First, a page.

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The Jihadist Plot: The Untold Story of Al-Qaeda and the Libyan Rebellion
     

The Jihadist Plot: The Untold Story of Al-Qaeda and the Libyan Rebellion

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by John Rosenthal
 

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“How could this happen in a country we helped liberate?” Secretary of State Hillary Clinton pondered in the aftermath of the September 11, 2012 attacks in Benghazi that left American ambassador to Libya Chris Stevens and three other Americans dead. The Jihadist Plot: The Untold Story of Al-Qaeda and the Libyan Rebellion shows how it could have

Overview

“How could this happen in a country we helped liberate?” Secretary of State Hillary Clinton pondered in the aftermath of the September 11, 2012 attacks in Benghazi that left American ambassador to Libya Chris Stevens and three other Americans dead. The Jihadist Plot: The Untold Story of Al-Qaeda and the Libyan Rebellion shows how it could have happened and why it did happen. It happened because in supporting the Libyan rebellion against Muammar al-Qaddafi, America and its allies, in effect, changed sides in the war on terror, securing the victory of some of the very Islamic extremist forces that they had been fighting for the previous decade.

The result is a Libya that is today under the sway of heavily-armed jihadist brigades that make no secret of their allegiance to al-Qaeda, proudly flying the al-Qaeda flag in broad daylight in Benghazi and other Libyan cities. Moreover, as the September 11 Benghazi attacks make clear, if America reversed course in Libya in order to join forces with jihadists, the jihadists remain exactly as they ever were, with the same ideology and the same hatred of America.

Exploding the myth of NATO’s “humanitarian intervention,” The Jihadist Plot tells the real story of the Libyan rebellion. It traces the itineraries of some of the notorious veterans of international jihad who served as the rebellion’s leading commanders and strategists and shows how NATO helped to create a new jihadist hero at the siege of Sirte. And it reveals that long before the onset of the so-called Arab Spring, Libya’s own al-Qaeda affiliate, the Libyan Islamic Fighting Group, had devised a plan to bring down the Qaddafi regime using some of the classic methods of jihadist terror: a plan that would be put into practice in the rebellion of February 2011.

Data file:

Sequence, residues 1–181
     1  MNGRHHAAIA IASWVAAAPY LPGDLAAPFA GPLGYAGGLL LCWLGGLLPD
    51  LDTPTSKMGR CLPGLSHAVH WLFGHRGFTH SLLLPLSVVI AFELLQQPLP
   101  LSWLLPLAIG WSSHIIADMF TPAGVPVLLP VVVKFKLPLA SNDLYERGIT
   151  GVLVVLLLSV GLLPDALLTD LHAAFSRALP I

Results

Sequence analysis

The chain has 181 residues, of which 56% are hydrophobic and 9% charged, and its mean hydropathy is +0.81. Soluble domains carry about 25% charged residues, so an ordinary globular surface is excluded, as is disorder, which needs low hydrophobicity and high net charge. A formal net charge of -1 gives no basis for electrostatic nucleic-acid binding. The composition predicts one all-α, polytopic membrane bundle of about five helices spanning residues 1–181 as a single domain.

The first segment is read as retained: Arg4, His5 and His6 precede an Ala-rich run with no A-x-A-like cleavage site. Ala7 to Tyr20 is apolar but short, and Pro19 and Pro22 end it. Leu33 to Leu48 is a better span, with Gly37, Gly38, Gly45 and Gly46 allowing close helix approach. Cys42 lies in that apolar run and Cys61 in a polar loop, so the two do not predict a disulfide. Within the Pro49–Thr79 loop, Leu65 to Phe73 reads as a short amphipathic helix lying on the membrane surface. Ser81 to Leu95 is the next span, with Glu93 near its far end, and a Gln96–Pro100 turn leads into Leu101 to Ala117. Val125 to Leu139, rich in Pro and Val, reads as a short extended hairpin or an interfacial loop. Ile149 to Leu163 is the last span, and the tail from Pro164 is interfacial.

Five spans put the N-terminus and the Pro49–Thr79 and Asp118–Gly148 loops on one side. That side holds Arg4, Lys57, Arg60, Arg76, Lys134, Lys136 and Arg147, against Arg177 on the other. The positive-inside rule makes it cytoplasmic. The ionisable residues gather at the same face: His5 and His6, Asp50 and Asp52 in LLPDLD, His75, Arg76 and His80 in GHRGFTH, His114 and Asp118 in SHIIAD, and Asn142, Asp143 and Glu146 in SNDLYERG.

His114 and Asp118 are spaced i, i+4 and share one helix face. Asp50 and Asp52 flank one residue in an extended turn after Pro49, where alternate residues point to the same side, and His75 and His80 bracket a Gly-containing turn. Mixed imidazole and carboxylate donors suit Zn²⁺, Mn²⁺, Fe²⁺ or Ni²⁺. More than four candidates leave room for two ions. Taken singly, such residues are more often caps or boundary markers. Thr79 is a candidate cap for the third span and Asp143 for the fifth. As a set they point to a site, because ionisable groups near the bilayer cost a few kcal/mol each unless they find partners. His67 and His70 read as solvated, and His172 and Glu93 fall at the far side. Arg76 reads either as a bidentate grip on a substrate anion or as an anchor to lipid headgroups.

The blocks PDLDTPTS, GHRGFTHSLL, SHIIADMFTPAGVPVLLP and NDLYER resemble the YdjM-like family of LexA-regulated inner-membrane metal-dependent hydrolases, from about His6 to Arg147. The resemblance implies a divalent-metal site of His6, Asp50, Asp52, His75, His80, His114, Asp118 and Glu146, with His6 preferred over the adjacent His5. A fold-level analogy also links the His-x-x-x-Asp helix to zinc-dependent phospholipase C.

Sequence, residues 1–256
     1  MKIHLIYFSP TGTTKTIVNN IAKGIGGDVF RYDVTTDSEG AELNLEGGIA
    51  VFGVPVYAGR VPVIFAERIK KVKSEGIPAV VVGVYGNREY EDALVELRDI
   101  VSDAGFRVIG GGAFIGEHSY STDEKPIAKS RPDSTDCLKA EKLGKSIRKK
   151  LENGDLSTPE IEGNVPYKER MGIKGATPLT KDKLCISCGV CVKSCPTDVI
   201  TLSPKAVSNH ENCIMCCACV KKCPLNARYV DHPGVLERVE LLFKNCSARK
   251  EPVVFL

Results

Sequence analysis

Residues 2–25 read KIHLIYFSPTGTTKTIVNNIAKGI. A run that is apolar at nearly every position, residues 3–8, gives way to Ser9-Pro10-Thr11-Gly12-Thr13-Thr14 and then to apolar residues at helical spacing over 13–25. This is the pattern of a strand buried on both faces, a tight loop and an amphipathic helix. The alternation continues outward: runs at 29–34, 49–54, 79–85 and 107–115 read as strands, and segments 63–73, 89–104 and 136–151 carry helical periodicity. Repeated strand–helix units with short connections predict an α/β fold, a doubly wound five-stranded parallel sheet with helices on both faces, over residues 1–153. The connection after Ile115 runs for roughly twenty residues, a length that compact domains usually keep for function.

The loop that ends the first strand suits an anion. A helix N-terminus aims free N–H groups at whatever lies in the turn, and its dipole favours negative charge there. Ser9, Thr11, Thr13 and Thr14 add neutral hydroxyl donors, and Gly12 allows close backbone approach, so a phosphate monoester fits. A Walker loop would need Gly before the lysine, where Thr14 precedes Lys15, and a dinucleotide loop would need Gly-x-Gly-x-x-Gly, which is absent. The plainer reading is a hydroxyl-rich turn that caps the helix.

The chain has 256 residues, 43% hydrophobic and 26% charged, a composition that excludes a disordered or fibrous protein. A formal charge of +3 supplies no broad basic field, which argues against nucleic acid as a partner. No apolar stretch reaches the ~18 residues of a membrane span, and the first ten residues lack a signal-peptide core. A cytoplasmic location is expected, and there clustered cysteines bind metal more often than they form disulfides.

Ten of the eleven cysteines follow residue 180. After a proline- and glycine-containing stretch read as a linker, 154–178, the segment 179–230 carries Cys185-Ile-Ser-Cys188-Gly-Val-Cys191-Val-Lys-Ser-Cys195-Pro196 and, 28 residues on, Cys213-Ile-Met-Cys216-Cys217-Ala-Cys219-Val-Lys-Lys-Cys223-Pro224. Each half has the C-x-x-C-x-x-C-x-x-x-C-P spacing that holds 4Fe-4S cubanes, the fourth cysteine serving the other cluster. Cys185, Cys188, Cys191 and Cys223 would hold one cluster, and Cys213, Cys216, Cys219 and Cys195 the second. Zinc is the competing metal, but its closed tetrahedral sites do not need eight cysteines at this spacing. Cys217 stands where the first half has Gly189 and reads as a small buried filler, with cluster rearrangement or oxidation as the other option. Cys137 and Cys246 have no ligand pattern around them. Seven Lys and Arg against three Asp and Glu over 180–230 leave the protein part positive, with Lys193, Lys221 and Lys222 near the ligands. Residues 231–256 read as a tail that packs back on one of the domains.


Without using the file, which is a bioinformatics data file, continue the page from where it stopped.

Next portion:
Product Details

ISBN-13:
9781594036828
Publisher:
Encounter Books
Publication date:
03/12/2013
Sold by:
Barnes & Noble
Format:
NOOK Book
Pages:
104
File size:
3 MB

Meet the Author

John Rosenthal is a European-based journalist and political analyst who specializes in EU politics and transatlantic security issues. He has been a regular contributor to National Review Online, Policy Review magazine, The Weekly Standard, and World Affairs journal, and his writings have also appeared in such leading European publications as Les Temps Modernes, Die Weltwoche and Merkur. He earlier developed and edited the foreign news translation program of the news site World Politics Review, as well as serving as a correspondent for the site.

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The Jihadist Plot: The Untold Story of Al-Qaeda and the Libyan Rebellion 3 out of 5 based on 0 ratings. 1 reviews.
Scholar_McDollar More than 1 year ago
This eBook is a short read, with a a few interesting, albeit dubious, claims about many of the Libyan militia leaders involved in overthrow of Gaddafi to present day.   Although it is not central to the book's overall arguments, the claim of US Marines being on the ground in Benghazi on September 11, 2012 is absolutely false.   The "rescue team" from Tripoli was comprised of other CIA security staff & 2 active duty military on loan to the Agency. This isn't necessarily a damning mistake that calls in to question all claims in the book, but it's worth noting.     If you are willing to spend the time to double check the author's footnotes and do a little of your own research then this eBook might be for you.  I give the author credit for providing vast amounts of easy to reference footnotes at the end of each short chapter.  Bottom line: 11usd is way too much to charge for this 91 page eBook.  I consider my 3 star rating to mean the eBook is "average" rather than "good".